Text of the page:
STARVE IF NEED BE . . . BUT PAINT!
It is good that life seems unending . . .
NO OTHER race on earth can fashion the little things of this world with such perfection as the Japanese: tiny bowls, or little curved colored platters for serving fish, lacquered boxes, small containers for writing materials, the fine arts of floral arrangement, the controlled growth of dwarf trees, miniature gardens, miniature bridges, miniature pavilions. The Japanese are unrivaled masters of the small and delicate.
These island people of the northeast Pacific have always been strangers to the massive, the spacious, the superdimensional. Yet they have a bold genius for painting, the combination of colors and the choice of silk patterns; for dancing and acting; and, above all, for the art of making life on their cramped, scattered islands as pleasant and enjoyable as possible. The Japanese have often been victimized by the very characteristics that have made them such great artists: by their naïve and childlike qualities. Yet they have always realized man's insignificance in the face of nature's vastness.
The Japanese have always, for better or worse, been at the mercy of their cramped island home with its perilous earthquakes and its smoking volcanoes. Always close to the sea, they have forever been prisoners of their natural environment. And because they know so much about nature they have never bothered to tame it; they have never framed their pictures nor barricaded their houses against the elements; they have never wept when an earthquake or a tidal wave engulfed their mothers, wives and children.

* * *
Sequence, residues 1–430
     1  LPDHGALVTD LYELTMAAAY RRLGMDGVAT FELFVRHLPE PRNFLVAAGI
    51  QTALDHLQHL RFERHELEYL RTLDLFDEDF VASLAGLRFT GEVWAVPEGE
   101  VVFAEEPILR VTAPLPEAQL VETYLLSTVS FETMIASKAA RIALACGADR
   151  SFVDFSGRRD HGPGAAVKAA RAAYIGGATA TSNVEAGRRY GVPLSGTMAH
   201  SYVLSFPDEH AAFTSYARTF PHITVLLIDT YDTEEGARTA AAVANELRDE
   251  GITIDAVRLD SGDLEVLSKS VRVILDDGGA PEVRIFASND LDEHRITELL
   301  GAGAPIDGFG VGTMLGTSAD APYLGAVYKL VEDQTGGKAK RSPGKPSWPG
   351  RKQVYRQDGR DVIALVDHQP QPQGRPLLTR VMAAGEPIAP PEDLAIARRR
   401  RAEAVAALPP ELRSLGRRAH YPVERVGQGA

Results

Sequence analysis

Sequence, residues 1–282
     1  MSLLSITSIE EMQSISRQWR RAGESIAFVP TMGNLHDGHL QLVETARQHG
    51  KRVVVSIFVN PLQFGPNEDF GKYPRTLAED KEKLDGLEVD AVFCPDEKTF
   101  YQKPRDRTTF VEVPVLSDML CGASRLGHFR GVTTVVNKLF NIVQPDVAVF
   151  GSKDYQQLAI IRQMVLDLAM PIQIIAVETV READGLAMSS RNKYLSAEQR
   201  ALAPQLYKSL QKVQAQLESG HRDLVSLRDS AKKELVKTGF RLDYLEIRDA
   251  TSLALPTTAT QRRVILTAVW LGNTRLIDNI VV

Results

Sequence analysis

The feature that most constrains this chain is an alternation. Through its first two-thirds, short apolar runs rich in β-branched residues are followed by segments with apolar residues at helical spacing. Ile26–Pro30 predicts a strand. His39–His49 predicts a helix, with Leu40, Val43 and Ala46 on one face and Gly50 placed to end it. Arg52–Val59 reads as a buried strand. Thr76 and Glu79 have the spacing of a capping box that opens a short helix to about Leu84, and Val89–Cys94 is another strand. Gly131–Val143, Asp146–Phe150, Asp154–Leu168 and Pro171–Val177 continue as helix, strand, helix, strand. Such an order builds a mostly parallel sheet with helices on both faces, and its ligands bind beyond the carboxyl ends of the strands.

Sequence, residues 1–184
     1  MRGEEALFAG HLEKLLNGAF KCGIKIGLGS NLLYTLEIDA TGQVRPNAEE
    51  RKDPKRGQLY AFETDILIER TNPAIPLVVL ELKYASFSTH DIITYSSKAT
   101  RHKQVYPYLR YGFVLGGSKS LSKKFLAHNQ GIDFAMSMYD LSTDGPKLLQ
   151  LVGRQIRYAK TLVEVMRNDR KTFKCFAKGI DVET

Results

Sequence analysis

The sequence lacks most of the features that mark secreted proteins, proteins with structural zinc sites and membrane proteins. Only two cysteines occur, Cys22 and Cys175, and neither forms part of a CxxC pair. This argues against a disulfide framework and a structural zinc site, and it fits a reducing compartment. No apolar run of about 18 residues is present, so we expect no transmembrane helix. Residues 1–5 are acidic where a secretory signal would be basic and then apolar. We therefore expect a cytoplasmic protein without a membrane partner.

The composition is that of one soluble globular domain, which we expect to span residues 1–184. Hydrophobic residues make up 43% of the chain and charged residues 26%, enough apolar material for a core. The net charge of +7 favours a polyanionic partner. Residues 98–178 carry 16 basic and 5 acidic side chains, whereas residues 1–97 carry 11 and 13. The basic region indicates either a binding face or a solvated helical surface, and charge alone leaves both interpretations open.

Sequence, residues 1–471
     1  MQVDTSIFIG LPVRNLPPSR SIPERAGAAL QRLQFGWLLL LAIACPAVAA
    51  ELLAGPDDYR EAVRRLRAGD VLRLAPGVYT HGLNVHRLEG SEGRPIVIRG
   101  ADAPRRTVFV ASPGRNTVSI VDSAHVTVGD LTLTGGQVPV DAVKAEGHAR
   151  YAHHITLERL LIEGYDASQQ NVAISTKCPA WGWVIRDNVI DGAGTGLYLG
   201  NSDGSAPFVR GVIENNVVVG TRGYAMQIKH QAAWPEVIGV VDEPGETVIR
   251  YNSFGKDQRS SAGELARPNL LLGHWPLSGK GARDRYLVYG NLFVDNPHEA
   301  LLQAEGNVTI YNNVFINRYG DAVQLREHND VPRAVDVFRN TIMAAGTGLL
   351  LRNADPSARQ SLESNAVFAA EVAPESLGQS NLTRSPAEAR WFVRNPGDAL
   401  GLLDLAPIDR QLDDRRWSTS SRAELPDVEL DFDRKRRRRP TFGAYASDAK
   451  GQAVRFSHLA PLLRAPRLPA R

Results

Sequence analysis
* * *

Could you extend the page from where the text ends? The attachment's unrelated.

Eternally submissive toward nature, the Japanese have always bowed to the sun and revered the chief product of their fields: the precious rice that feeds them and supplies the straw for the mats upon which they sleep at night. They have always been obedient and disciplined, and have known how to die without lamentations. For the Japanese are deeply convinced that beauty is invested only in nature, or in an extension of nature. And death itself is a part of nature.
The Japanese undertook an incredibly bold task when, with Polynesia on the wane, they became the only race to preserve the culture of Oceanis and the Pacific. They have willingly taken over everything
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Publication information: Book title: The Living Past. Contributors: Ivar Lissner - Author, J. Maxwell Brownjohn - Translator. Publisher: G. P. Putnam's Sons. Place of publication: New York. Publication year: 1957. Page number: 214.
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